What is a Letter Testamentary/Letter of Administration?
If you have been nominated in a person’s Last Will and Testament as the Executor (the person whom collects the assets and distributes them and manages the estate) you will not be able to perform your duties unless you have been appointed by the Court as the Executor. Your appointment is reflected through the Letter Testamentary. The term Letter of Administration is the exact sam document, except the appointed person is called an Administrator and the decedent did not have a Last Will and Testament.
The one page document contains the following information:
1. The State and County the Estate was filed;
2. The name of the Decedent (person who died);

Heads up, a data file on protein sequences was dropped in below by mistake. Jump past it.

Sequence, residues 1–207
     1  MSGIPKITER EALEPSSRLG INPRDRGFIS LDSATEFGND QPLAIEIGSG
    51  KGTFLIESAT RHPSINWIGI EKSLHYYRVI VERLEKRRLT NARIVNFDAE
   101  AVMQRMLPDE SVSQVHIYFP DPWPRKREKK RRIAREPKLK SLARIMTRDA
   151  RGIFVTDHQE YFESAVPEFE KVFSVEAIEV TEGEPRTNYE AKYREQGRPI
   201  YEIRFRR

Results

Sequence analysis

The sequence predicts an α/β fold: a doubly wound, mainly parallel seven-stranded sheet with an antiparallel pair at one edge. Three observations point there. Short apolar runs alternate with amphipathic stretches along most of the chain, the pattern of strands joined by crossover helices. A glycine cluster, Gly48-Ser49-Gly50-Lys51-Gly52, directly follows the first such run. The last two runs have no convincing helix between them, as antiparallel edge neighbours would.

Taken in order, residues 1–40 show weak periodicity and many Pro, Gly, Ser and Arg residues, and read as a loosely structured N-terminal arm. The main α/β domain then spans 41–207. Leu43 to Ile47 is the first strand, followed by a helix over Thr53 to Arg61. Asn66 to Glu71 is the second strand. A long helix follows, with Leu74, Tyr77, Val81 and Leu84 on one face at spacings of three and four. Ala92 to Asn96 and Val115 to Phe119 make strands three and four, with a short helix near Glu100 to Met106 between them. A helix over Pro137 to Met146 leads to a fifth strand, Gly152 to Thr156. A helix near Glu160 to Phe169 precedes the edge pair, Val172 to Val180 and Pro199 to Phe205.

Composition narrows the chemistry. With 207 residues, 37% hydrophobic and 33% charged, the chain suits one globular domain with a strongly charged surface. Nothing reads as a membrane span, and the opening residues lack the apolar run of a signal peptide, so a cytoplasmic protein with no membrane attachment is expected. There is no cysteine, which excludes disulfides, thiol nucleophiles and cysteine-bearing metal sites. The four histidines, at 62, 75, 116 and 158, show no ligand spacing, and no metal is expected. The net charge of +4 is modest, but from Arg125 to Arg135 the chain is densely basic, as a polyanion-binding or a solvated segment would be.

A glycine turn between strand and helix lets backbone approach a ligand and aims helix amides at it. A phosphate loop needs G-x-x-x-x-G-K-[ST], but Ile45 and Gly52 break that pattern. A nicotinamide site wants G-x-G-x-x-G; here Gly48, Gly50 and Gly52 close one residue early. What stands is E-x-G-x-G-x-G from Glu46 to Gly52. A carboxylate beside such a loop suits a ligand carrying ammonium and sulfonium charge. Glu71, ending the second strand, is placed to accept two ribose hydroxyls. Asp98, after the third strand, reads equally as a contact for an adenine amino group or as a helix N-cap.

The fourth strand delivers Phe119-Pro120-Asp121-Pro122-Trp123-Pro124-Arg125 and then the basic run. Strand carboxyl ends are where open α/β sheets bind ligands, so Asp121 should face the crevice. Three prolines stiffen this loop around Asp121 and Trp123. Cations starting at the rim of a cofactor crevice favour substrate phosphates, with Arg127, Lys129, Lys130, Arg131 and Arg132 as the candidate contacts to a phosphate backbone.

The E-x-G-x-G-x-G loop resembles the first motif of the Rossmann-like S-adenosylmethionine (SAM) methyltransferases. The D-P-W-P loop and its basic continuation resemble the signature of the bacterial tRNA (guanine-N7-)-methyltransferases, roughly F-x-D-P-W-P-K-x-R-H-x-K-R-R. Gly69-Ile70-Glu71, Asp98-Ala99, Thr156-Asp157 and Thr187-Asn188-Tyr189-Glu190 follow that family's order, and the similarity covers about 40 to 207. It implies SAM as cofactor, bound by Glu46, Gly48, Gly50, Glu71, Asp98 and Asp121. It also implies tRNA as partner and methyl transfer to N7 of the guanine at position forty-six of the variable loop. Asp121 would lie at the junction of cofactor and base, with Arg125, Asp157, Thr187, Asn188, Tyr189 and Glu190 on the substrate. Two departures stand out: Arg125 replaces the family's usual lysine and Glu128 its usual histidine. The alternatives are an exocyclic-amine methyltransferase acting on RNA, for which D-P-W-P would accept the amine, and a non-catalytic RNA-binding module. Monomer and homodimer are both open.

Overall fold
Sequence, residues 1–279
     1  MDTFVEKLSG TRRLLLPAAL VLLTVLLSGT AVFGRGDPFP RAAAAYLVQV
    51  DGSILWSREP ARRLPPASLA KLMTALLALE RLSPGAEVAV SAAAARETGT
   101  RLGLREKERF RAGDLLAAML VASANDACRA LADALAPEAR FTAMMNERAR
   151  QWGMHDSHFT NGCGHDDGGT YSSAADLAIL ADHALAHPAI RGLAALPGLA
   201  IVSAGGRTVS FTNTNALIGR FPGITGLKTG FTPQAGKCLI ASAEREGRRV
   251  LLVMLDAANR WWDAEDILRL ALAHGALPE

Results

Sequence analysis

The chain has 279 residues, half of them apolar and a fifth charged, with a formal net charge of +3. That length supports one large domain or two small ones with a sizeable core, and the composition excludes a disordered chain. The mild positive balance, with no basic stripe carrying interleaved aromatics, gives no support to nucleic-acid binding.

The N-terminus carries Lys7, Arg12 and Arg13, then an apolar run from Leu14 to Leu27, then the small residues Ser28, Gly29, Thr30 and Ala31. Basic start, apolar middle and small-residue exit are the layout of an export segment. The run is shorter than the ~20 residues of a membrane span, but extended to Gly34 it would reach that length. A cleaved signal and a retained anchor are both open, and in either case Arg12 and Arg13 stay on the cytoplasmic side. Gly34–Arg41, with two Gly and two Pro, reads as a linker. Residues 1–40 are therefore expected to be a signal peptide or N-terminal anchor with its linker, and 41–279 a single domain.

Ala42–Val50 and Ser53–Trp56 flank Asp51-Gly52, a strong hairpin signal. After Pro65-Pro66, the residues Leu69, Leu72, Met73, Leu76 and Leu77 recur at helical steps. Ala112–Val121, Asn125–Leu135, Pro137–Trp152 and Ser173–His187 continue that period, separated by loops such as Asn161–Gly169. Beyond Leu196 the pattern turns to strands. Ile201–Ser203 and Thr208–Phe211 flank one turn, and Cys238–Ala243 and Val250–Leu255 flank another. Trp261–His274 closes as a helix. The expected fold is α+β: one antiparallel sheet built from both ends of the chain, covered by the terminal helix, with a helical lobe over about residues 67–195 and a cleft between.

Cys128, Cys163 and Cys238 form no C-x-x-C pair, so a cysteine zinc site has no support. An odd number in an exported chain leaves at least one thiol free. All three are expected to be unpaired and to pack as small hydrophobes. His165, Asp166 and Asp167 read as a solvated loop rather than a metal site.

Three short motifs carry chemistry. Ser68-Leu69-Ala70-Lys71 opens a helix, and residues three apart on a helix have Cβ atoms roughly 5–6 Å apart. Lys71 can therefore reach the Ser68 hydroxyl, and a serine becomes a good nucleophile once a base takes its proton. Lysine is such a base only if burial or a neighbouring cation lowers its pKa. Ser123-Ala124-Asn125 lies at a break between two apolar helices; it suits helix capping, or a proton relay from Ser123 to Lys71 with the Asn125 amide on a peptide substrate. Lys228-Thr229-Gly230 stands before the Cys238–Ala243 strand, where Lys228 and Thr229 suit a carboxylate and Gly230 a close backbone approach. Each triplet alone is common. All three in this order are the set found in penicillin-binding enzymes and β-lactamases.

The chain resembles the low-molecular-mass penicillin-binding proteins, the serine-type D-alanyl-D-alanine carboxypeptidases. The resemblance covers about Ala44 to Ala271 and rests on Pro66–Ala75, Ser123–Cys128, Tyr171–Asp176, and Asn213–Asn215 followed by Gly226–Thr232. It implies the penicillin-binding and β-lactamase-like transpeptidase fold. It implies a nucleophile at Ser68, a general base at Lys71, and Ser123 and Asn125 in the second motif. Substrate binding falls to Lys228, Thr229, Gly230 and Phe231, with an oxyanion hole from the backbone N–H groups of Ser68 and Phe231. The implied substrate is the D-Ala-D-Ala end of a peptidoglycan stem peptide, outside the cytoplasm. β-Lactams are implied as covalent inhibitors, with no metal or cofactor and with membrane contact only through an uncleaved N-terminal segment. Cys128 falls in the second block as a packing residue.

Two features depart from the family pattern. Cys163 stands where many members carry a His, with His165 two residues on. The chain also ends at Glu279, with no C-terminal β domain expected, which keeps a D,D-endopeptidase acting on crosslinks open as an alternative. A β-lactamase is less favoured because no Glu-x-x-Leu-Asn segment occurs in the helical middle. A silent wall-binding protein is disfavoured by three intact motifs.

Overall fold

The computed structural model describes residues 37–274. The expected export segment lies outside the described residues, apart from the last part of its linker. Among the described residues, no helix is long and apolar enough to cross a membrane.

3. A statement that the application has been reviewed and the Court “adjudged legally sufficient the qualification of the fiduciary (Executor)”;
4. The name of the Executor ;
5. The date of the appointment (the date that the Clerk of Court signed the Letter);
6. The raised seal of the Court
Once this Letter is issued, it will need to be provided to whatever institution the Executor will need in order to collect the assets. It also needs to be provided if the the Executor needs to obtain information on an account or other asset.
In North Carolina, the Court provides five (5) Letters Testamentary which is included in the filing fee of $88.00. If the Executor needs additional ones then they are $1.00 each. For a list of additional Court fees please see http://tinyurl.com/probatefees.
Keep in mind that unless the Court is satisfied with the initial filing documents, the Letters will not be issued.